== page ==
For Season 2.0, a new version of Mauler, known as Mauler 51-50 was built, which competed in the rest of the BattleBots heavyweight championships. However, this version proved to be very unstable, as it overturned itself on two occasions after being put off balance, (including its first ever battle against Bigger Brother, which it lost). Within the fighting robot community, any act of instability thereafter was informally referred to as "doing a Mauler". Mauler 51-50 also entered one of the end of season Heavyweight Rumbles, but was flipped over, ironically, by Bigger Brother. Mauler 51-50 returned for Season 3.0, beating Dreadbot before losing to Canadian robot Incoming and being flipped by Little Sister, essentially a repainted Series 5 Bigger Brother, in the Heavyweight Rumble. It lost its first battle in Season 4.0 to Jabberwock, but won four battles in Season 5.0 (including a knock-out against SlamJob) to reach the round of 16, before losing to MechaVore.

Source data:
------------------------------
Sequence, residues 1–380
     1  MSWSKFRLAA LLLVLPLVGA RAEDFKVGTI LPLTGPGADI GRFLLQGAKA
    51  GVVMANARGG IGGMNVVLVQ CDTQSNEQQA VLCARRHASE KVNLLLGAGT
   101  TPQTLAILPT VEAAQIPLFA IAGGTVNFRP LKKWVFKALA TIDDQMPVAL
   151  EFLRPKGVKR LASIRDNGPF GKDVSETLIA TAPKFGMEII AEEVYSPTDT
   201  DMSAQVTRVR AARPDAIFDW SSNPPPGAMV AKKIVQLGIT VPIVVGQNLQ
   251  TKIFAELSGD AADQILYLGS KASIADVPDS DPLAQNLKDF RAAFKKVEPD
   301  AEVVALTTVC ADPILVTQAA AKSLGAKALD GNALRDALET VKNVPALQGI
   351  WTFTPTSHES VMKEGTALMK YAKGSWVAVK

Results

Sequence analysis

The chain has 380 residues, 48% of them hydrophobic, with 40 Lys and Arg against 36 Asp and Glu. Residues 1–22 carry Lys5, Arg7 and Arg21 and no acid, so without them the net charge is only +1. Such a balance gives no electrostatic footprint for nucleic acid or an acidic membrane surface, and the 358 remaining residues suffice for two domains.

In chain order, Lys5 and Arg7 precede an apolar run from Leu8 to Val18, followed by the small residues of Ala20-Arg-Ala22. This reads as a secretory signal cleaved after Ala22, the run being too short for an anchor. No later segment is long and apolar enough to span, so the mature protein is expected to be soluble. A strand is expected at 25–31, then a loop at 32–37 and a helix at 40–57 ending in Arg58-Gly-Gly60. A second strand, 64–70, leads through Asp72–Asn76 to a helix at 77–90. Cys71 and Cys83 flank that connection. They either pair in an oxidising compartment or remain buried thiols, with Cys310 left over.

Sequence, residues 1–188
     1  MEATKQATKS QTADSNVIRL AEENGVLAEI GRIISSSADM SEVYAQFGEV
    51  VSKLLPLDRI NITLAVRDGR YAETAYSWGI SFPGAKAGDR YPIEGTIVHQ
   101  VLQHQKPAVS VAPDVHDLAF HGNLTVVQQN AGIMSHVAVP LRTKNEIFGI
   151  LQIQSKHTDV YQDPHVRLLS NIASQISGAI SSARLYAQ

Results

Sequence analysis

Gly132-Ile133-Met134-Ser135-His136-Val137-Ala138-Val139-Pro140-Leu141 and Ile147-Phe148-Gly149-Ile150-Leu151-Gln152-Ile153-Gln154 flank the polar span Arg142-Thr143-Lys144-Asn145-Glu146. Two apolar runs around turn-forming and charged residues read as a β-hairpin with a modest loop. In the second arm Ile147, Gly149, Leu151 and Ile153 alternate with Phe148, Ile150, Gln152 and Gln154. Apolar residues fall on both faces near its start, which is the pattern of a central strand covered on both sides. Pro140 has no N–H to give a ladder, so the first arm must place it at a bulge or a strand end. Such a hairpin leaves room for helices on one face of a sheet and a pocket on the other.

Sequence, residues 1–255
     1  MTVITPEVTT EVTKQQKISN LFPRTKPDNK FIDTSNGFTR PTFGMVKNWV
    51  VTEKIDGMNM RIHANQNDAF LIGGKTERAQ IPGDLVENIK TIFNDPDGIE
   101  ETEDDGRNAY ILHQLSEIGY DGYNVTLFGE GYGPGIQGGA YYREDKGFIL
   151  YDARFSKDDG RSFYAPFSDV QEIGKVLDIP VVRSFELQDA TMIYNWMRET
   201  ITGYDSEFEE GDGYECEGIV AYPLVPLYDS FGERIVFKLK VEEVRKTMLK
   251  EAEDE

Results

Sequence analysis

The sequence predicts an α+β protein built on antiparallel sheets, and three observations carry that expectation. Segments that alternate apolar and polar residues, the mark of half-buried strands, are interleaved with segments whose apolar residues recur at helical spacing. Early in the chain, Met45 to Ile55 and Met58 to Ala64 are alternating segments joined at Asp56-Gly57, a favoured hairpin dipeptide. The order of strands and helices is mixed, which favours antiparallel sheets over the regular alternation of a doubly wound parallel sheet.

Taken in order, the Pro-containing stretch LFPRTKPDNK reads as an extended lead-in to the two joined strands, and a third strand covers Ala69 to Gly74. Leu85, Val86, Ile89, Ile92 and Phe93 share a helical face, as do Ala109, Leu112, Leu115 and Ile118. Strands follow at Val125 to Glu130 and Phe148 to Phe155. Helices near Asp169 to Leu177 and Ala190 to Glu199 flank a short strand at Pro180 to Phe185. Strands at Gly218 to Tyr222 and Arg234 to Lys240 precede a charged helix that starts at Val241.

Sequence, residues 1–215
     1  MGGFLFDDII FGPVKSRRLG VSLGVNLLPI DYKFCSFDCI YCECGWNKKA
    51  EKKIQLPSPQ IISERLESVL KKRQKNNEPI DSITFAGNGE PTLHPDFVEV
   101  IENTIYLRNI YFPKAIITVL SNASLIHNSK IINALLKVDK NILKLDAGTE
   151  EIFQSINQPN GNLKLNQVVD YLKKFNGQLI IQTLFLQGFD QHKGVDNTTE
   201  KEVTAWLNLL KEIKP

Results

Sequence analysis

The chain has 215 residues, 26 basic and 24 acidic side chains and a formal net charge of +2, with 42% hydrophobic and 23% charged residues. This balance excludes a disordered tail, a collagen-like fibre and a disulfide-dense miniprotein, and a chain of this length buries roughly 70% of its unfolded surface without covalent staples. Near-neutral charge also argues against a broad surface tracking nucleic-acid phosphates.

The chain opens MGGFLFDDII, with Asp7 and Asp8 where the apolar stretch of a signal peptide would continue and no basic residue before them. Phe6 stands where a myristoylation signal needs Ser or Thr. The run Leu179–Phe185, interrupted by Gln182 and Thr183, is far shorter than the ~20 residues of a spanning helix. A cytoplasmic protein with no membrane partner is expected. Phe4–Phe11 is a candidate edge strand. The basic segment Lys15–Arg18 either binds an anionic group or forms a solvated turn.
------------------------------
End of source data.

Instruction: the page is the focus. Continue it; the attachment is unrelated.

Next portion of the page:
For Season 5.0, Mauler 2000 was converted into super heavyweight competitor M2K02, and fitted with only two flails. However, it lost its only fight to Steel Reign.
After BattleBots ended, Mauler 51-50 was renamed Hellfire 666 but retired after only three fights including a fight against Shrederator. M2K02 was also renamed Mauler 2003 following its only BattleBots appearance.
- Despite not competing in the First World Championship, Mauler lost to two UK Series robots throughout its career in BattleBots: Killerhurtz in Season 1.0 & Bigger Brother in Season 2.0.
- In 2003, Mauler was inducted into The Combat Robot Hall of Fame as an inaugural member, in recognition of its innovative full-body spinner design, entertainment value and for coining the term 'doing a Mauler' in reference to its stability issues.